There was a good question and answer here: Does mermaid evolution come with buoyancy control?
But I would like to expand the question. I got off talking with a friend, it got me thinking about mermaid buoyancy. It came up that perhaps mermaids should exhibit some synergy or combination of the methods used by fish, sharks and dolphins. An interesting example was that, if a mermaid ascends too quickly, the gas from their swim bladder might empty out into their lungs or stomach, leading them to feel sick.
Reason for This
For plausible reasons this might be the case, I'll point first to the unusual nature of the mermaid granting the possibility of unusual biology. They are a naturally composite creature, so being a further composite biologically seems to build on that narrative.
More importantly, I'll point to the fact they're not exactly a whale, seal, shark or dolphin. Mermaids look pretty light, not like fat-laden sea creatures nor dense sharks. Their presumably muscular tails indicate they will not be as buoyant as humans. So it leaves the question of how they can best control/maintain the preferred buoyancy.
Advantages of Each?
There is the question of which advantages each biological method has, and how they may not mesh well or how they might mesh well.
Swim Bladders: As was mentioned in the other question post, swim bladders are good for saving up energy, if you're not spending much. Mermaids probably won't be spending just about all their time patrolling and hunting like sharks, so ways to preserve energy for low energy activities seem handy.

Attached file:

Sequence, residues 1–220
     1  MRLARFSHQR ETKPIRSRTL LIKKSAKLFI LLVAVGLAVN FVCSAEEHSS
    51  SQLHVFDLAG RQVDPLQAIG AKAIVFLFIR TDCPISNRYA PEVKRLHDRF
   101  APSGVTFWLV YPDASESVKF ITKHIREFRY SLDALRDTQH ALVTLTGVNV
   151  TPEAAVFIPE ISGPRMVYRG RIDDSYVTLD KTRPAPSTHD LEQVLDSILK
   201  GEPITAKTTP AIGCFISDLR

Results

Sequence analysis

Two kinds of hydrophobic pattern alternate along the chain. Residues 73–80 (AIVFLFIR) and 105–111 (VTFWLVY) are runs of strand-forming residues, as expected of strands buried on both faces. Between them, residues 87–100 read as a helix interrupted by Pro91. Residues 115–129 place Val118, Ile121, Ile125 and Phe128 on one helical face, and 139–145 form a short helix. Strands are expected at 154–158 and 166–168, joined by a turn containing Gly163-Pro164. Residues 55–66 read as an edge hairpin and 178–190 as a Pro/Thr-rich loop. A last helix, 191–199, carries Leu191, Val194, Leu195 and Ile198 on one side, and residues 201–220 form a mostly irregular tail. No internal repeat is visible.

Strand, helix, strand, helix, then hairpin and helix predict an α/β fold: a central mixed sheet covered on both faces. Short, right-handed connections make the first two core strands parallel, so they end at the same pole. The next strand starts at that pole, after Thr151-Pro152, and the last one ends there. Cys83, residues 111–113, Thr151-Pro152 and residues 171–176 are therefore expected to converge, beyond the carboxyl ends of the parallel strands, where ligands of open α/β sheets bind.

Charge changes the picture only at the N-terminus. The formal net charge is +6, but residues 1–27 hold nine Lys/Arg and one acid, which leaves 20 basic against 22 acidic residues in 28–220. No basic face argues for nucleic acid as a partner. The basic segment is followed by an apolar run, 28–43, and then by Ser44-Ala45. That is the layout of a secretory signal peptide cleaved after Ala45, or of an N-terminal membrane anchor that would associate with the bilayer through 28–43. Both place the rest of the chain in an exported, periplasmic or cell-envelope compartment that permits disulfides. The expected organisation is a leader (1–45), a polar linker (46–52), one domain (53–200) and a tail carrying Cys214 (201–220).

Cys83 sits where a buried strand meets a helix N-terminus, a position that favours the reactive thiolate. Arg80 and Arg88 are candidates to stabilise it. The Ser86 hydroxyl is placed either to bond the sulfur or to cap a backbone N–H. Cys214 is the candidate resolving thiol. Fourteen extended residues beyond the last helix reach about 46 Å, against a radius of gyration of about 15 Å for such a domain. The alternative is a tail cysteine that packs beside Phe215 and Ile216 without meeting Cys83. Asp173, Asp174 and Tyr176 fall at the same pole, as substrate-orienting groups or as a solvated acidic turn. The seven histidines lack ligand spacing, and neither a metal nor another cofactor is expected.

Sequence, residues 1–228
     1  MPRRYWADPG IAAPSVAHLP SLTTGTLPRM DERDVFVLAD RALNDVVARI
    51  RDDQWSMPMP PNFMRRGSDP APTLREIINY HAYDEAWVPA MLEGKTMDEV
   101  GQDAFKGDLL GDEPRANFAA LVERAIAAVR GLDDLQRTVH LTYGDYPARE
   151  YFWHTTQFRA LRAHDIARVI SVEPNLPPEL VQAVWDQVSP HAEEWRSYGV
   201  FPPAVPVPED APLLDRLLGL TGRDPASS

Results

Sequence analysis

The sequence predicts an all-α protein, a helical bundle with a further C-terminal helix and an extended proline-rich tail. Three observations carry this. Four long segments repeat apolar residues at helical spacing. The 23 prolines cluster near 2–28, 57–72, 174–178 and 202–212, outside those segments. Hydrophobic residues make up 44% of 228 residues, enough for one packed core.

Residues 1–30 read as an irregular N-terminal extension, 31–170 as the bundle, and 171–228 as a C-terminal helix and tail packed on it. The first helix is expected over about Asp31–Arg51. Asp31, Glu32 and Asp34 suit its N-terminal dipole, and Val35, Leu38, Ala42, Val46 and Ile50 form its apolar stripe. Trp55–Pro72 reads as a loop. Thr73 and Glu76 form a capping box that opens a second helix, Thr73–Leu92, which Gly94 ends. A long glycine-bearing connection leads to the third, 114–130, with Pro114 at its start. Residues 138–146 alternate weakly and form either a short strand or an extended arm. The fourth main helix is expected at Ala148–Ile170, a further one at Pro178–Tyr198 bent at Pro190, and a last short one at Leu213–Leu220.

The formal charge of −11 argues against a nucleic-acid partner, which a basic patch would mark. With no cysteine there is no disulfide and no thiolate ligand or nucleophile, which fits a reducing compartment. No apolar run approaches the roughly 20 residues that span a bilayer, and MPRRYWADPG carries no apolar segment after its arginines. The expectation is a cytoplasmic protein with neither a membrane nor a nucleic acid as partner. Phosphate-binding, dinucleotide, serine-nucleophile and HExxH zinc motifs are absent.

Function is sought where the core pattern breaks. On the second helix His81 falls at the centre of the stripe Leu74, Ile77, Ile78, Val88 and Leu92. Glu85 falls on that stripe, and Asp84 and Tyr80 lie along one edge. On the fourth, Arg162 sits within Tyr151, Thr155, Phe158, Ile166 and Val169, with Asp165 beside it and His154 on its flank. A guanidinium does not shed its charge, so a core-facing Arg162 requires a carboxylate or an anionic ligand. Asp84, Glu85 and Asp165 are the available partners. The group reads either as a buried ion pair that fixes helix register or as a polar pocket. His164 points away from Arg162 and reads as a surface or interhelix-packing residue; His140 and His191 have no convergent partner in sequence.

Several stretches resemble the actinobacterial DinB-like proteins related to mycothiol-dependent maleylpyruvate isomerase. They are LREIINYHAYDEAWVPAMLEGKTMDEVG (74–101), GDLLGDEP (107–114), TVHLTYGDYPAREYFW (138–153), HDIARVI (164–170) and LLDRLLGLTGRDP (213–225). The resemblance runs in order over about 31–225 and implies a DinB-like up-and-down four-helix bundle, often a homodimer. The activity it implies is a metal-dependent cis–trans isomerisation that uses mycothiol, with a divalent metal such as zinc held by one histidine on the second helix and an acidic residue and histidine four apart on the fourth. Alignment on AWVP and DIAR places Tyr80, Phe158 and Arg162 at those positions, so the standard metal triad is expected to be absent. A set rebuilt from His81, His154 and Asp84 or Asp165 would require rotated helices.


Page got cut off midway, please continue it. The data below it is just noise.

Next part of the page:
Large oily livers... I do not know enough about the biological implications of that to talk about pros and cons. It is intended to increase the buoyancy of the creature, not really to reach neutral buoyancy in the case of a shark. A mermaid probably can't afford to have an enormous, oily liver.
This could actually serve as a good reason for a combination. If a mermaid can't have a large enough liver for desired buoyancy, they need other factors involved. That is, assuming a small oily liver isn't much more trouble than it is worth.
Lungs and Swallowing Air: Sharks sometimes swallow air to help them counteract their density. Dolphins and seals apparently control their breath and lung capacity to aid in buoyancy control. The likelihood of these may depend on what mermaids breathe, air, water, or both. The Mermaids I'm thinking of can breathe both. If they still surface frequently, I don't see the problem with them utilizing this techniques for better buoyancy control, in what limited capacity a human-like creature can utilize them (when I tried to swallow air, it hurt).
A point of importance, is that whales apparently don't get much use out of this, because their lungs are too small relative to their great weight. They rely more on their blubber.
The most synergy I can see currently, is mermaids probably have mammal lungs capable of operating in the air, so they are free to use those lungs as divers and mammals do. Since their lungs will probably be pretty large, as humans' are, that makes them more useful for this purpose.
The other point, is simply the ineffectiveness of any one method for the diverse activities mermaids are likely to perform, as human-like creatures of the sea. Adaptability is one of humanity's real strong points, and I would hope the same to be true of mermaids both biologically and technologically.
Anyone with biological/marine knowledge who would like to weigh in?